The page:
My current robotics research platform is a two wheeled dynamically balancing (inverted pendulum) robot. It is heavily inspired by David P. Anderson’s (aka dpa) nBot. I’d like to thank dpa for documenting his robots so well and for the help he has provided over the years on the Seattle Robotics Society mailing list.

The purpose of the project is to develop a platform on which to test various sensors, navigation and map building algorithms (SLAM), and dynamic control algorithms. Hector is intended to be a stepping stone on a longer term roadmap that includes experimenting with a number of platform designs.


Hector has a aluminium and acrylic body. These two materials are reasonably easy to work with but result in a very robust platform. I have a small lathe which I use to manufacture all metal and acrylic parts for my robots.

Component parts of the base
Partially assembled base
Motor base assembled
Test fit of wheels

Hectors wheels and gear train are from Aliexpress. The wheels are 4.5″ model air-plane tail wheels. They are very reasonably priced but have aluminium hubs and good quality rubber tires. https://www.aliexpress.com/item/2pcs-Tail-Wheels-Rubber-PU-Alloy-Hub…

The gear train uses brass gears, again purchased from Aliexpress. 60 tooth brass gears and 20 tooth brass gears

I initially started out with a 1:1 gear ration with 30 tooth gears on both the motor output shaft and wheel shaft. I changed to a 3:1 ratio (60 tooth gear on motor output shaft and 20 tooth gear on the wheel shaft) in an attempt to provide the necessary speed to prevent the robot tipping over after a very small tilt angle.

The motors are DF robot FIT0186 motorsavailable from a number of places on the internet, but I purchased mine from Digikey (Digikey part no. 1738-1106-ND) . I initially started with FIT0403 motors (Digikey part no. 1738-1156-ND) but found the 122RPM output speed wasn’t sufficient, even with the 3:1 gear ratio change. The update to the 251RPM motors has resolved this and the robot is now able to generate enough speed to recover from a reasonable tilt angle.

The motor driver board is recycled from my previous robot AMI. This board is an adaption of a design by David Smith. It uses xx yyy drivers and aaasss mosfets to provide dual H-bridges and also includes headers for the encoder outputs from the motors. All the various input and output signals are combined into a single 20 pin header which links the motor driver board with the main robot control board. This is a pretty old design now, but still works fine and is sufficient for my immediate needs.

It needs a better heat-sink solution than the aluminium plate I’m currently using if the robot is to run for long periods of time, particularly if it spends a significant amount of time stationary (balancing in place).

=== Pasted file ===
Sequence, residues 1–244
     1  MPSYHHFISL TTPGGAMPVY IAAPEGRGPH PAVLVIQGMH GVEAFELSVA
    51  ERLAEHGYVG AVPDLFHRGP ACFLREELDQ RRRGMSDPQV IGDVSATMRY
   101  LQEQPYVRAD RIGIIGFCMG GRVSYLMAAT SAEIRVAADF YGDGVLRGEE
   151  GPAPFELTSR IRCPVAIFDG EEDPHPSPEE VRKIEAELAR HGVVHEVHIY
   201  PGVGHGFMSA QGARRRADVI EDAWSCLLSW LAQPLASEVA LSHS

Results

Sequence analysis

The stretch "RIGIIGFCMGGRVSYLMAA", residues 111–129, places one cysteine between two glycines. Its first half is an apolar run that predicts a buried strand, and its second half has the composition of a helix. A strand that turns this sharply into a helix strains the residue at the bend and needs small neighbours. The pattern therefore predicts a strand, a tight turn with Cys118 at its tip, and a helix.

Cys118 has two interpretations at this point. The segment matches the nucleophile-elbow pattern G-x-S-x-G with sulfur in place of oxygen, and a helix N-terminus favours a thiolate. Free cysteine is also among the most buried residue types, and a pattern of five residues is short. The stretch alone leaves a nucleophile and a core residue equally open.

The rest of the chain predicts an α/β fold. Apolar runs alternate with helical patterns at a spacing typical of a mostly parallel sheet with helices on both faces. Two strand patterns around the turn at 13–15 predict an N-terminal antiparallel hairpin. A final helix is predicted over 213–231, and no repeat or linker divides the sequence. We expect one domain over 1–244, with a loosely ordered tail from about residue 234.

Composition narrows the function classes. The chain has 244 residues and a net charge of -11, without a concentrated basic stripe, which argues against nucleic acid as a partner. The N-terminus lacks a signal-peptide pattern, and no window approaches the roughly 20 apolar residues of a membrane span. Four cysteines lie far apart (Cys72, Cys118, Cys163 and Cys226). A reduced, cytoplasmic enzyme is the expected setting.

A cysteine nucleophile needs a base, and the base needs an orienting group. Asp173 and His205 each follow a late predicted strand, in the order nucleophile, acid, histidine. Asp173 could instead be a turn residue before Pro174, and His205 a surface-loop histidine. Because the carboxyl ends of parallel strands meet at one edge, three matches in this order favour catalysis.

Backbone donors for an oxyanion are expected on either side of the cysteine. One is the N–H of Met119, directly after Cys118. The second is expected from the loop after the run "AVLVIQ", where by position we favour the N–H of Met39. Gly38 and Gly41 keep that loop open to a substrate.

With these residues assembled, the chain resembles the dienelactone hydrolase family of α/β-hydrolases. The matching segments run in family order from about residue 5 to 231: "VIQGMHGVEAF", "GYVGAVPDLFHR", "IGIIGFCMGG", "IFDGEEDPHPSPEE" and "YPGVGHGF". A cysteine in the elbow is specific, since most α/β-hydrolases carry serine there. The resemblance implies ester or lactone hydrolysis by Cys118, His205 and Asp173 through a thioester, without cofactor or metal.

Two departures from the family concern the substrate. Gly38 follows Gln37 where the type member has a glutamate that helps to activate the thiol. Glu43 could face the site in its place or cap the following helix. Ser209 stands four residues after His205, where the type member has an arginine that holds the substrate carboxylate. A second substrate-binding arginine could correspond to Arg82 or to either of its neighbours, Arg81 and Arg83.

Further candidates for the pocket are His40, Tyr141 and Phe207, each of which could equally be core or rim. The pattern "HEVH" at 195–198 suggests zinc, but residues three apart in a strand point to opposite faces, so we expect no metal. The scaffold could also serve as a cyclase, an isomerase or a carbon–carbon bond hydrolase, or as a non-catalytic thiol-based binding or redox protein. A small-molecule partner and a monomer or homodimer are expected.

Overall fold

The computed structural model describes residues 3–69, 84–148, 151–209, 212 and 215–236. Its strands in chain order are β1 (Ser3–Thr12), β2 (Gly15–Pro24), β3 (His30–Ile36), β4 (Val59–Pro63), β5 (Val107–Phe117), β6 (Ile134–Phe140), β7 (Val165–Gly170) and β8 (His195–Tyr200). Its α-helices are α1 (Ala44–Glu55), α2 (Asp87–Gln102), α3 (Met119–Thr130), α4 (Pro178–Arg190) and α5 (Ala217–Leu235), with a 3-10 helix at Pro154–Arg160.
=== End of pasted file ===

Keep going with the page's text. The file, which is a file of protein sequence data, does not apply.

Motor driver board
Motor driver board – connectors

Inertial Measurement Unit

The 9 degree of freedom IMU is neat little board I purchased of eBay. It includes a 3 axis ADXL 345 accelerometer, a 3 axis ITG3205 gyro and 3 axis HMC5883L magnetometer.

IMU bottom side
IMU top side

The IMU has far more capability than is required for this simple robot, and at least initially, I am only using the pitch axis on the accelerometer and gyro.

I’m using a basic kalman filter to perform the sensor fusion on the output signals from the gyro and accelerometer. You can see from the graph below that the kalman filter is really effective at smoothing out the noise from the accelerometer and removing the drift from the gyro.

Kalman output

Beaglebone Black Wireless

Beaglebone Black Wireless

The main control board for the robot is a Beaglebone Black Wireless single board computer. I was initially drawn to the BBBW because of the combination of the reasonably high power application processor and dual real time PRUs. It seems that a lot of people are not even aware of the two 32 bit Programmable Realtime Units (microcontrollers) on the Beaglebone Black, especially when comparing it to other single board computers like the Raspberry Pi. I will be relying on the PRUs to provide the deterministic realtime capability required for things such as the Sonar, IR, or LIDAR sensors I am intending to add to the robot.

The Linux OS is convenient with regards to having out of the box support for all the peripherals, and useful tools like SSH for being able to remotely manage the robot over WIFI.

However, Linux is pretty poor when it comes to realtime control. It’s difficult to write software that runs with deterministic timing, particularly when your requirements are getting down to the low millisecond or sub-millisecond resolution. For a lot of robotics related applications, deterministic timing is a core requirement. For example, my kalman filter implementation needs to be called with a consistent period in order to determine rates of change (e.g. angular velocity from the gyro). Although it is possible to write kalman filters with dynamic timing it is significantly more difficult.

I have managed to get by so far using POSIX timers and signals to run PID loops etc. The robot does occassionally display some erratic behaviour however, and I suspect it is due to another system process taking more CPU than normal and slightly delaying my application timer.

The ideal solution to this would be to abandon Linux completely and switch to a real RTOS such as RTEMS, and this is something I am beginning to investigate. I have the latest RTEMS build running on a second BBBW, however the board support package (BSP) for the Beaglebone is still not particularly complete in terms of peripheral support. I’ve used RTEMS in the past and have dabbled with BSP work for my old MRM 68332 board, so adding some of the missing drivers is something I’m keen to investigate.

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